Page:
What do you do if you don’t know what your competition is doing though? What guidelines do you follow? Well, depending on your client budget, you rely on just one or up to all three of the three e’s of an exceptional client experience. First you focus on the essentials, then you focus on making it easy, and lastly, you focus on making it enjoyable.
So if you’re working with smaller budgets, your concern should be really knocking it out of the park on just the essentials. So that means always be on time, speak professionally, dress professionally, be organized, be dependable, be reachable, and communicate with clients before you make changes or major decisions, consistently. You do a stellar job of that, and you’ll honestly be doing better than about 95% of businesses, in any category.
Then, for mid range budgets, you want to do a stellar job of handling all of the essentials we just talked about, and then add on making everything easy for your clients. Think about what you can do to make the process less stressful than it might be otherwise. Maybe you go to the client rather than the client coming to you. Or maybe you offer late night hours one night a week. Or maybe you simply give your clients a typical meeting schedule at the beginning of every project to give them an idea of how much time they’ll need to take off of work.
Just think of what it would take for clients to think, “well that was easy” and then make it happen. You want to focus on becoming the Walgreens of your category, a little expensive, but a lot easier than going to WalMart.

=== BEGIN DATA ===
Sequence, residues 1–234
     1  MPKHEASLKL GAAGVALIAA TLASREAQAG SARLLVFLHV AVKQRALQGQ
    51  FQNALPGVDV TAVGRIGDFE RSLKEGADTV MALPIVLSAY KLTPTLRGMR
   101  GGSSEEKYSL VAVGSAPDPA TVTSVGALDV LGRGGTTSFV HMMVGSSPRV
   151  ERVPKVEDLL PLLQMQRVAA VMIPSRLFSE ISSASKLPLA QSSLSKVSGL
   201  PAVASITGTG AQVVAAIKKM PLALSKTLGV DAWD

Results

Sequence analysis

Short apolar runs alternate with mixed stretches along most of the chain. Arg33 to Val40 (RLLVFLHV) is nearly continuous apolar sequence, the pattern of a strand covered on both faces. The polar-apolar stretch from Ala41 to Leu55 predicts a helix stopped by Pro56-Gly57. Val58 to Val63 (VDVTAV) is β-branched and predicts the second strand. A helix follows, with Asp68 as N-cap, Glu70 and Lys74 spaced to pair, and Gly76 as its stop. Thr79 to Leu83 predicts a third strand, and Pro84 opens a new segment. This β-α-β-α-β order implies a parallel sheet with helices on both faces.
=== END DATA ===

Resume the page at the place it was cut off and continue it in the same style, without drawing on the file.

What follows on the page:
Now, what if you’re in the luxury category? What do you do? Well, then, you not only do a killer job of focusing on the essentials, and making everything easy for clients, but you also then add in a bit of magic. You focus on making the experience, well, an experience.
You become the Disney of your category where you’re wowing clients by pulling out all the stops, but also charging quite a premium for it. You might invite them to an all expenses paid evening with a famous chef, or treat them to a night at a luxury hotel during installation and then surprise them with a free spa package as well.
You customize, you personalize, and you adapt around who they are, what they want, and what will wow them. The luxury level is what above and beyond is all about, and it has few limits. And that’s why the premium on it is so high.
The fact of the matter is, your client experience and your interior design fees need to fit. They need to match. Anything less than that is going to feel off to either yourself, or the client, or maybe even both. You don’t want the client or you to walk away at the end feeling cheated.
No, you want to ensure that you both had an exceptional time. And that’s what so often we forget, that the client experience isn’t just ensuring that the client has a good time, it’s also ensuring that you are as well.
So take a look at your interior design fees, and take a look at your client experience. Are they a match? Or are you exhausting yourself trying to force a luxury experience into a mid range fee? Or, worse yet, are your clients secretly wishing the experience they’re paying for was a bit more magical? If so, it might be time to go and find a better fit.
Ashley Uhl is the principal owner of Ashley Uhl Consulting, and the only client experience consultant exclusively focused on working with interior designers. Through her work she teaches designers a step by step approach to delivering an exceptional client experience, one that results in higher fees, increased efficiency, and turning clients into raving fans. You can learn more about the exceptional client experience by visiting her weekly blog at ashleyuhlconsulting.com.